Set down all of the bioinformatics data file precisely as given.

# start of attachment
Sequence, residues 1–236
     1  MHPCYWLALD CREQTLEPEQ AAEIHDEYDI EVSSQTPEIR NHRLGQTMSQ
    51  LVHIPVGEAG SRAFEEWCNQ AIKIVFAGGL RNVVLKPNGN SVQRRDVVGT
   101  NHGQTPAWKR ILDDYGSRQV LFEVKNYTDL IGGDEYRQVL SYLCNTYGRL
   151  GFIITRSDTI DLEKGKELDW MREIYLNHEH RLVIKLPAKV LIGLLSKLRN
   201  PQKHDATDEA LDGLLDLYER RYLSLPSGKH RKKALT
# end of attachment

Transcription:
Sequence, residues 1–236
     1  MHPCYWLALD CREQTLEPEQ AAEIHDEYDI EVSSQTPEIR NHRLGQTMSQ
    51  LVHIPVGEAG SRAFEEWCNQ AIKIVFAGGL RNVVLKPNGN SVQRRDVVGT
   101  NHGQTPAWKR ILDDYGSRQV LFEVKNYTDL IGGDEYRQVL SYLCNTYGRL
   151  GFIITRSDTI DLEKGKELDW MREIYLNHEH RLVIKLPAKV LIGLLSKLRN
   201  PQKHDATDEA LDGLLDLYER RYLSLPSGKH RKKALT